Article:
My Mom and I decided that we are going to get "the pill" for me. We are going to go to this place I think it's like a planned parenthood clinic. I just wanted to know what the doctors would do to me while I was there so I could get the birth control pills. Would they need to look at me like a GYN exam? And whatever they do if the do anything, why do they need to do that? Thanks!
[This message has been edited by CMTFlovesHAH (edited 08-02-2003).]
Usually they'll do pretty standard doctor-ish stuff: take your blood pressure and your temperature, ask you a bunch of questions about your health and your family's health, ask you if you're taking any medications, and ask you if you're sexually active. They will probably want to to a GYN exam as well, both because all women who are menstruating or sexually active should be getting annual exams and pap smears, and because they need to make sure that all is well with your reproductive organs before they give you the pills.
And just as a side note, if you're going on the pill because you're sexually active or planning to be sexually active, you and your partner(s) should also go for a full STD screen before you start having sex, or as soon as possible if you're already having sex. (Remember, too, that "sex" isn't just intercourse -- things like oral sex and manual sex are types of sex as well, and carry an STD risk.) Learn all about STD testing and why it's a good thing over here: Testing, Testing…
quote:you and your partner(s) should also go for a full STD screen before you start having sex, or as soon as possible if you're already having sex. (Remember, too, that "sex" isn't just intercourse -- things like oral sex and manual sex are types of sex as well[/B]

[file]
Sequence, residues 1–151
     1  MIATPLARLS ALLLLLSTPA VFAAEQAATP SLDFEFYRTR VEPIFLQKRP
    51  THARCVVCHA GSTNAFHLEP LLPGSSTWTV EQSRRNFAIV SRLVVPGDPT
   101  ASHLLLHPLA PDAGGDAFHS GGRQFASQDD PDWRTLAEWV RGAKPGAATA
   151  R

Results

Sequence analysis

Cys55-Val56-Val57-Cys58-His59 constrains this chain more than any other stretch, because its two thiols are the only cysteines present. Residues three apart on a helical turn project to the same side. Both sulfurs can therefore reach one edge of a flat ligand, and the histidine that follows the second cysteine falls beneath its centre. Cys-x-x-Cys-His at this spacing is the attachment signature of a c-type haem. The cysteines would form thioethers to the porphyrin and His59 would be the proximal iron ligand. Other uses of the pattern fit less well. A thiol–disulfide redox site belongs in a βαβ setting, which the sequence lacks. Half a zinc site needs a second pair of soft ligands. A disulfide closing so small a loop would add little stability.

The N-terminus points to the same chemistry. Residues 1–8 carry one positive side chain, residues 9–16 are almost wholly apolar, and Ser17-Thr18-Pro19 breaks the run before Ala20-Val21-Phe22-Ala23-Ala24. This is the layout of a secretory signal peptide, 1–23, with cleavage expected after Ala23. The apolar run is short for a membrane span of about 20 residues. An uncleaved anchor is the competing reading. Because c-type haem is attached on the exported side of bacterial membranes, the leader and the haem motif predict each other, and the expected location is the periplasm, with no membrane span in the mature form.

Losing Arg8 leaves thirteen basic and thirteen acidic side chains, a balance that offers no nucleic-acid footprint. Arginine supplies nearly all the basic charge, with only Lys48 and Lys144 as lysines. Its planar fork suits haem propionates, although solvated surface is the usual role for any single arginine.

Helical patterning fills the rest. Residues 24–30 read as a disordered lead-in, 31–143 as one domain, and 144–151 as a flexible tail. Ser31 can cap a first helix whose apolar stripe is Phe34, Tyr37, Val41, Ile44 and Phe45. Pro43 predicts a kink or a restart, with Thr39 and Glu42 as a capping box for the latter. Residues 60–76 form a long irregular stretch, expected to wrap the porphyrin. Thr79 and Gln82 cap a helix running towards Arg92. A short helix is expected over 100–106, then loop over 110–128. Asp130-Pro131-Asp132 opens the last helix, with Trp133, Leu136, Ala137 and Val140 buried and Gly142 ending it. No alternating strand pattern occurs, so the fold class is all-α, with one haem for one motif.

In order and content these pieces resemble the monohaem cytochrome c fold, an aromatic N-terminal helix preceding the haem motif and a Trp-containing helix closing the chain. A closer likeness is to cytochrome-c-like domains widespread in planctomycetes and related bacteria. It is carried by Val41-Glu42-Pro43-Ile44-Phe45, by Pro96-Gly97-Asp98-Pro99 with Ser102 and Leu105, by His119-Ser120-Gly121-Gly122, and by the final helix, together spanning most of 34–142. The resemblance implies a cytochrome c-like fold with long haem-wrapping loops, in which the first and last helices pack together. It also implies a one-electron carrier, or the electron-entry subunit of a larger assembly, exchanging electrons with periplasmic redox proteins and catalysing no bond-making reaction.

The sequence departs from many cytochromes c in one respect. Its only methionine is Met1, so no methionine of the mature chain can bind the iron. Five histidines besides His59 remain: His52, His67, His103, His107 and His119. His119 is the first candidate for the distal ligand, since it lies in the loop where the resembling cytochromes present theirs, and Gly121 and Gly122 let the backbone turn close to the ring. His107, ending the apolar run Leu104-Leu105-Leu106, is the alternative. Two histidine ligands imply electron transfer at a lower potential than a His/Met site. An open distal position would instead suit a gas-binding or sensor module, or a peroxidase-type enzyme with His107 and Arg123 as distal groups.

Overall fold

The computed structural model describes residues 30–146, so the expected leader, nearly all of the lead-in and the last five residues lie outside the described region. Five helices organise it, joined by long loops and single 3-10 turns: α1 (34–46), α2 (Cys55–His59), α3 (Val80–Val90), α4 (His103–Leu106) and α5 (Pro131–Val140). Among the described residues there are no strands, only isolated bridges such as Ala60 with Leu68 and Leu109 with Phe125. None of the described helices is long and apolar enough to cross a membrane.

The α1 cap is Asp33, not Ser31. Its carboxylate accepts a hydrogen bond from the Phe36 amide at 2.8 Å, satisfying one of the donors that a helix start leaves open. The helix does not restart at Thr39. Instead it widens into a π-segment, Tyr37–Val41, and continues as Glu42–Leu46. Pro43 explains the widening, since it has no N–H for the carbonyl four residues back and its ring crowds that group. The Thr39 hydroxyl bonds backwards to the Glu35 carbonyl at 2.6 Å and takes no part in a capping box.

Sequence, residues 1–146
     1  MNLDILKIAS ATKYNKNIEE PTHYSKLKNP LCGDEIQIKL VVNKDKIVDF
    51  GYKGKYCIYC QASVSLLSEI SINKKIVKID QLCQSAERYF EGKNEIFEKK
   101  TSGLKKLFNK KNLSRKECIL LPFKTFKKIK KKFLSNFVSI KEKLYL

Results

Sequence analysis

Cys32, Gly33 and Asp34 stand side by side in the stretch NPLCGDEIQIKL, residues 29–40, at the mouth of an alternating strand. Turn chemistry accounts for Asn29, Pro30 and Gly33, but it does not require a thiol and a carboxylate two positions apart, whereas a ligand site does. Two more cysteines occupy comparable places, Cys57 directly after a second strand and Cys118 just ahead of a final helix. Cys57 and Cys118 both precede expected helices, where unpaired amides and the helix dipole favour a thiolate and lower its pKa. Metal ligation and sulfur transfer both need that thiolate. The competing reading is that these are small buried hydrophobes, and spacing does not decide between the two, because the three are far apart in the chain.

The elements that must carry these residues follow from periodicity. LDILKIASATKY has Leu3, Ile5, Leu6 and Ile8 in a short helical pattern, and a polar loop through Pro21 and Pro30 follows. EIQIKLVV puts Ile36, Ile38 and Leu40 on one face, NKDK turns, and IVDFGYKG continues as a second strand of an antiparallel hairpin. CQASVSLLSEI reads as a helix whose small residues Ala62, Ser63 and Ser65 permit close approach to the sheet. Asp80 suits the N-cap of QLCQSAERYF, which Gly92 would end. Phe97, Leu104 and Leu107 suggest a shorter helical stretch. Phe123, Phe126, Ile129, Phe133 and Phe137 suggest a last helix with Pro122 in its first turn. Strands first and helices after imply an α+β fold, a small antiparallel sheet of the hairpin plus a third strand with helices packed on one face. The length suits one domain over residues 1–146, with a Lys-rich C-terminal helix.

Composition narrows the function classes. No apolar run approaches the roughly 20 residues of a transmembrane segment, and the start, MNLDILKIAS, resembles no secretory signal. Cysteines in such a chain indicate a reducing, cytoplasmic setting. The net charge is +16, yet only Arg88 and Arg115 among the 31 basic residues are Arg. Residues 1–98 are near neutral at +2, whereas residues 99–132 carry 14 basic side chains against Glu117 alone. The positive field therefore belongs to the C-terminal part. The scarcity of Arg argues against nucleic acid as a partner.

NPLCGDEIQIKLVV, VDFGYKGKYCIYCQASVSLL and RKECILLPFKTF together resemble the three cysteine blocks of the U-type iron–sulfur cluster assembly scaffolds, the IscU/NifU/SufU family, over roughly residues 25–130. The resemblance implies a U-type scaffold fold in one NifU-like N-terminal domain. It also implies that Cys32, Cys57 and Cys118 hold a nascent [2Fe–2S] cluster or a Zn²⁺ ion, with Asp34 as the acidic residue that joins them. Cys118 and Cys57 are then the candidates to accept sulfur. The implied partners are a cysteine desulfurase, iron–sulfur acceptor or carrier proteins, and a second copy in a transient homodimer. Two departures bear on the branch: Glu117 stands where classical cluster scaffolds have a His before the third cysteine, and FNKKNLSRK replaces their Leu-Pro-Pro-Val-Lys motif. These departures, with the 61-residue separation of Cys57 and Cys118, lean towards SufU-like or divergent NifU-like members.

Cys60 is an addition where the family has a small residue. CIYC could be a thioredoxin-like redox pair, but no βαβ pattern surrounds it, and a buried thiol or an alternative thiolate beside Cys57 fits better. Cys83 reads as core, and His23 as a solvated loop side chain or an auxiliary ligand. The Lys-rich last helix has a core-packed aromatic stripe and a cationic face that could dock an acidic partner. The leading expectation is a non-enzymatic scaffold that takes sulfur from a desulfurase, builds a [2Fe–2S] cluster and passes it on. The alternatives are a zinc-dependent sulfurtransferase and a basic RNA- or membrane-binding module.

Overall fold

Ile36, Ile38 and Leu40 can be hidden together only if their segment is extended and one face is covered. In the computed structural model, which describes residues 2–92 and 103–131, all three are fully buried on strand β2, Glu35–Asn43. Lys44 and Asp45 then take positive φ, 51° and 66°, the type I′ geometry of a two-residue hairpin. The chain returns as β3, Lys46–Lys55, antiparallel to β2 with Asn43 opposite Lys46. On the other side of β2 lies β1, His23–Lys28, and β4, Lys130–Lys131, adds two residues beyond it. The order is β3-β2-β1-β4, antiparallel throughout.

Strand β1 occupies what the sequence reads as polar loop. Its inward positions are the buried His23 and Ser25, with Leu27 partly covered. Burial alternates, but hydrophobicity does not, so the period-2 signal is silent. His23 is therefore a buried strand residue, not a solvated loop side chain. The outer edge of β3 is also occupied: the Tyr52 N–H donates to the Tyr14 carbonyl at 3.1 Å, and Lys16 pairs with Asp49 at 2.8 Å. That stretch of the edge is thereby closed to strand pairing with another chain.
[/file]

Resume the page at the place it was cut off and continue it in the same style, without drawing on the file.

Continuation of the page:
I know you guys and girls of Scarleteen have to say this but, for some of us we know that our partner has never been with anyone else and we also know that ourselves have never been with anyone else. I am not trying to be rude but, I know I don't have and STD or and STI because I have never been with anyone else and neither has my partner. So a test is not needed. I know some of the other posters in this board are in the same boat as me on that. Also, personally I don't believe that manual sex or oral sex is really sex I know some people do because it is an intimate act but personally I don't believe that is sex. But I know that STD and STI's can be spread by manual and oral sex acts and my same response he my partner has never been with anyone else. Again I am not trying to be rude. But thanks for helping me on my post before and I would really appreciate more information.
The thing is, if you've READ a lot of the site, or any decent amount of medical literature on STDs and STIs, you'd know that what you're saying is fallacious.
Not having sex partners before -- for ANY sexual activity -- means that those two people are very unlikely to have CERTAIN sexually transmitted infections and diseases. But plenty of others can either be nonsexually transmitted (like oral herpes or pubic lice) or come about all by themselves in your bodies (like bacterial or yeast infections).
To boot, you can believe whatever you like personally about sex. But that don't make it so. From a sheerly physiological and sexological perspective, at the lowest common demoninator, "sex" is direct genital contact for the purpose of enjoyment. Partnered sex, in the same vein, is such with another person. Not only is dismissing that not sound as far as STDs and STIs go, it's iffy emotionally, and to boot, it's pretty darned heterosexist.